reasonable suspicion

Judge Edward Korman dismissed the ACLU suit, Abidor v. Napolitano, allowing the US Customs and Border Protection program of random border searches and seizures of electronic devices to continue with no requirement of warrants, probable cause, or reasonable suspicion. Ned Levi discusses the CPB program, court rulings which have affected it, and advice for international travelers entering the US.

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The FBI, Homeland Security, and law enforcement agencies throughout the US are documenting the activities of citizens and visitors in a national database of suspicious behavior, which they deem could be the precursor of criminal or terrorism activities. Ned Levi has examined the NSI program, and found that far too often, the actions of the general public and travelers documented in the database, wouldn’t be considered suspicious at all, by a reasonable person.

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The Court of Appeals, Ninth Circuit, has made a new ruling concerning searches and seizures of passenger belongings at the border of the US, stating that CBP agents need to recognize there is an expectation of privacy and can’t do a search without a reason. Ned Levi discusses the new ruling and what its effect might be for international travelers.

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Since 9/11, US Customs and Border Protection (CBP) has had a program of random inspection of electronic media at the border. Without reasonable suspicion or probable cause, CBP has confiscated laptops and other electronic devices for weeks or even years. Ned Levi brings you up to date on the latest news about this serious problem for international travelers.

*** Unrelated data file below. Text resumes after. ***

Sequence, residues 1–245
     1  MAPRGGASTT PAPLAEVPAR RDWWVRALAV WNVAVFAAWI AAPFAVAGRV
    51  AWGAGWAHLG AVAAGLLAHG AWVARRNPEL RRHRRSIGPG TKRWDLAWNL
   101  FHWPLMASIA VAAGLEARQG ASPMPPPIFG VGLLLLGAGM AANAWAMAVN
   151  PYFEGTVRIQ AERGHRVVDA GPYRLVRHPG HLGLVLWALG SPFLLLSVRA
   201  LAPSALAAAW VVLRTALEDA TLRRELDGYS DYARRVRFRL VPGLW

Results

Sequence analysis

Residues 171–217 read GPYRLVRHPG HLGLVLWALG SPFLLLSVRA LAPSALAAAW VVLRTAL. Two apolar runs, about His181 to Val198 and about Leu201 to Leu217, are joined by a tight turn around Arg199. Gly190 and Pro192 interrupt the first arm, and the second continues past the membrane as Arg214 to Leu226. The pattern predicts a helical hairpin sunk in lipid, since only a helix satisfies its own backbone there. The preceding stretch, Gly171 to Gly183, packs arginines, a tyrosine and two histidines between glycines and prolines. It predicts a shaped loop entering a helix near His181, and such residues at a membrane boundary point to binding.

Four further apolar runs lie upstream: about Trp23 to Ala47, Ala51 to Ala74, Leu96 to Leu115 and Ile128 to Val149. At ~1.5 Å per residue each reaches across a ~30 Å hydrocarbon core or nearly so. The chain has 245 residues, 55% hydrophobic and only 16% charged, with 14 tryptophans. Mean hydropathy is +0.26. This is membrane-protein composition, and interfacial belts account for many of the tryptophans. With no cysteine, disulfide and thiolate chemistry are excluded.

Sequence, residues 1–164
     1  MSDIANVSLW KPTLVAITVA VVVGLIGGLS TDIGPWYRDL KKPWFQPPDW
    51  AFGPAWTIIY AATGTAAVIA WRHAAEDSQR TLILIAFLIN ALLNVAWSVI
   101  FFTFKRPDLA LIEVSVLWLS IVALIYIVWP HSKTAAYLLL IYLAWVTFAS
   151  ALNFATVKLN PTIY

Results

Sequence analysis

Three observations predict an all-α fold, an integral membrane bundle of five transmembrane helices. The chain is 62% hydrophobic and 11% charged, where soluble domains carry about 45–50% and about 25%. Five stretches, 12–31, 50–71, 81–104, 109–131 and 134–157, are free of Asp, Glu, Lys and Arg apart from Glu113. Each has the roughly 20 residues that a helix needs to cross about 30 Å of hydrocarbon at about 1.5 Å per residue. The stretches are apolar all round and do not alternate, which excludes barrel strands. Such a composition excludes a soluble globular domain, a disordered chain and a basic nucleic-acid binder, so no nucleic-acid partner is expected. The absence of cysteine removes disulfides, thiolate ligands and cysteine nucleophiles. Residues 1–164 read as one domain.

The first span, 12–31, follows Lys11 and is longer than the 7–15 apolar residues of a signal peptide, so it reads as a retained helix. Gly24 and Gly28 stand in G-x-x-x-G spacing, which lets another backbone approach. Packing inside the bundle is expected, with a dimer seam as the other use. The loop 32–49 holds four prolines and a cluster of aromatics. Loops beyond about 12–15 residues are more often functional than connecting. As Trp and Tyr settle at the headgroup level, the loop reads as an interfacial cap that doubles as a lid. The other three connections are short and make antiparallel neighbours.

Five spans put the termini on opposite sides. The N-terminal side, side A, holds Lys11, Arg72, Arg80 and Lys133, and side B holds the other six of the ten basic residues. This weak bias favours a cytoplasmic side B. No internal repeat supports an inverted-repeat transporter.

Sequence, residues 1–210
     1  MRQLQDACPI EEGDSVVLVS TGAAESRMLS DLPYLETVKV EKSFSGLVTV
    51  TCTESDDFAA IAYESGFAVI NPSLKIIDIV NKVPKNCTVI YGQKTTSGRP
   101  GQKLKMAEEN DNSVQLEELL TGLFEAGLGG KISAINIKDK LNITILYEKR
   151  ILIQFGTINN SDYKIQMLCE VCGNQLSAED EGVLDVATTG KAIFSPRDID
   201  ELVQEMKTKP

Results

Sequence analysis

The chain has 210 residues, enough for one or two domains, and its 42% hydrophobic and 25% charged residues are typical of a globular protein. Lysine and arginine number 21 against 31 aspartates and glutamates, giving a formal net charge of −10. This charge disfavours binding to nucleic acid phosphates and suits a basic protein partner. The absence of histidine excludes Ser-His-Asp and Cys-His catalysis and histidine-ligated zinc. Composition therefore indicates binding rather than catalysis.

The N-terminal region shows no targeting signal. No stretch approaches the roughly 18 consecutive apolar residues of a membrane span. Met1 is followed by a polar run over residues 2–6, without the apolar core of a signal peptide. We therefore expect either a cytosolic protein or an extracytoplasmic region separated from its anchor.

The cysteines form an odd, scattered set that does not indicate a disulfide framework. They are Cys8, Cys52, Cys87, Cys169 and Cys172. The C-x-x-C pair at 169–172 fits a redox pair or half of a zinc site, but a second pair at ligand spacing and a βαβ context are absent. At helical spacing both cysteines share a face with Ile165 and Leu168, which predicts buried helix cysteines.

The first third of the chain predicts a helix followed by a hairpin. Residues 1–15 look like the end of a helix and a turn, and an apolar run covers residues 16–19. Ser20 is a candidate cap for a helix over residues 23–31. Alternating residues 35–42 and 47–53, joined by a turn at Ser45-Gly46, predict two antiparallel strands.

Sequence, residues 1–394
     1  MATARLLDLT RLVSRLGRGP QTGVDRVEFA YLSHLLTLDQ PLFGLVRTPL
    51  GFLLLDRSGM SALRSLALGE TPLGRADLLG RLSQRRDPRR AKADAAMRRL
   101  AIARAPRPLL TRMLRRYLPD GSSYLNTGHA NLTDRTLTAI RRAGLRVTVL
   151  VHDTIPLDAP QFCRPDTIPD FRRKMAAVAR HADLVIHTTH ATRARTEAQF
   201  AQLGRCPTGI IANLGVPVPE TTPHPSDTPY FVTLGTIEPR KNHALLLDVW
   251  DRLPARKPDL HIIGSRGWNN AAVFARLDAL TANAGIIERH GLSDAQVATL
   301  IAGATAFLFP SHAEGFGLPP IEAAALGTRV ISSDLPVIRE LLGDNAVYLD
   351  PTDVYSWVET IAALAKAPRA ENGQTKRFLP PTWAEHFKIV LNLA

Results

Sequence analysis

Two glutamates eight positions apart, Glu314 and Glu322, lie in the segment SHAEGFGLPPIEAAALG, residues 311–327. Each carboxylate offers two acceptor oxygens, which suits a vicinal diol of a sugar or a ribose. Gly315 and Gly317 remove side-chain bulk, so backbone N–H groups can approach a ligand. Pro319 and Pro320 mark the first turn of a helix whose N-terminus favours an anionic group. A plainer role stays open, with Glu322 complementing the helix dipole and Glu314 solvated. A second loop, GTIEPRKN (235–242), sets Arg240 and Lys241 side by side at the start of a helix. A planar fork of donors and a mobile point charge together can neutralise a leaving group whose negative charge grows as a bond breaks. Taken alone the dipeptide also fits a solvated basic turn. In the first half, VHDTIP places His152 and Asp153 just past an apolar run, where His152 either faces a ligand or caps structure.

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Arizona has enacted a new immigration law, widely considered to be the toughest in the nation. Ned Levi examines the new law, and considers the comments of its supporters and critics in determining its effect on travelers going to or through Arizona.

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Ned discusses the latest news about the Customs and Border Patrol’s program to randomly search and seize laptops, digital cameras, cellphones and other electronic devices at the border, without warrants, reasonable suspicion or probable cause, and what travelers can do to protect their privacy and security.

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You’ve probably heard about the Travelers’ Privacy Protection Act of 2008, a proposed new law that would prevent customs agents from confiscating your laptop computer at the border. But what does the law actually say? Ned Levi takes a look at the law and makes some troubling discoveries.

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